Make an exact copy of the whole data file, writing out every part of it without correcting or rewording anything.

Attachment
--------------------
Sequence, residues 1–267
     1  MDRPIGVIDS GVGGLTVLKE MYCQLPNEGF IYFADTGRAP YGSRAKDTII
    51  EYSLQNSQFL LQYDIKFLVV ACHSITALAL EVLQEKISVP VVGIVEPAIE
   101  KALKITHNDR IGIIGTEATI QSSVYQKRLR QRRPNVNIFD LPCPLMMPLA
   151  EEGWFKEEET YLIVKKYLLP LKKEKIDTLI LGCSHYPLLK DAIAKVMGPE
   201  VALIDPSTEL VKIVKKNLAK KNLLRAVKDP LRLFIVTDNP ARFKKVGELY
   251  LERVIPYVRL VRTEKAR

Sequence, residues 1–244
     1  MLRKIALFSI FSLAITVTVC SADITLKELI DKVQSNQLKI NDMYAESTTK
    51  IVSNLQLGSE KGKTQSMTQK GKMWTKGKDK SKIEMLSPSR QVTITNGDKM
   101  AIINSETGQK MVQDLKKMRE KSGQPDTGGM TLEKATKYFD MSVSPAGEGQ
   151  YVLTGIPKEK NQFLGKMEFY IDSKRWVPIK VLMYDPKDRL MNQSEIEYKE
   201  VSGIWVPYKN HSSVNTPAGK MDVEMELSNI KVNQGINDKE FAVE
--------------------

Sequence, residues 1–267
     1  MDRPIGVIDS GVGGLTVLKE MYCQLPNEGF IYFADTGRAP YGSRAKDTII
    51  EYSLQNSQFL LQYDIKFLVV ACHSITALAL EVLQEKISVP VVGIVEPAIE
   101  KALKITHNDR IGIIGTEATI QSSVYQKRLR QRRPNVNIFD LPCPLMMPLA
   151  EEGWFKEEET YLIVKKYLLP LKKEKIDTLI LGCSHYPLLK DAIAKVMGPE
   201  VALIDPSTEL VKIVKKNLAK KNLLRAVKDP LRLFIVTDNP ARFKKVGELY
   251  LERVIPYVRL VRTEKAR

Sequence, residues 1–244
     1  MLRKIALFSI FSLAITVTVC SADITLKELI DKVQSNQLKI NDMYAESTTK
    51  IVSNLQLGSE KGKTQSMTQK GKMWTKGKDK SKIEMLSPSR QVTITNGDKM
   101  AIINSETGQK MVQDLKKMRE KSGQPDTGGM TLEKATKYFD MSVSPAGEGQ
   151  YVLTGIPKEK NQFLGKMEFY IDSKRWVPIK VLMYDPKDRL MNQSEIEYKE
   201  VSGIWVPYKN HSSVNTPAGK MDVEMELSNI KVNQGINDKE FAVE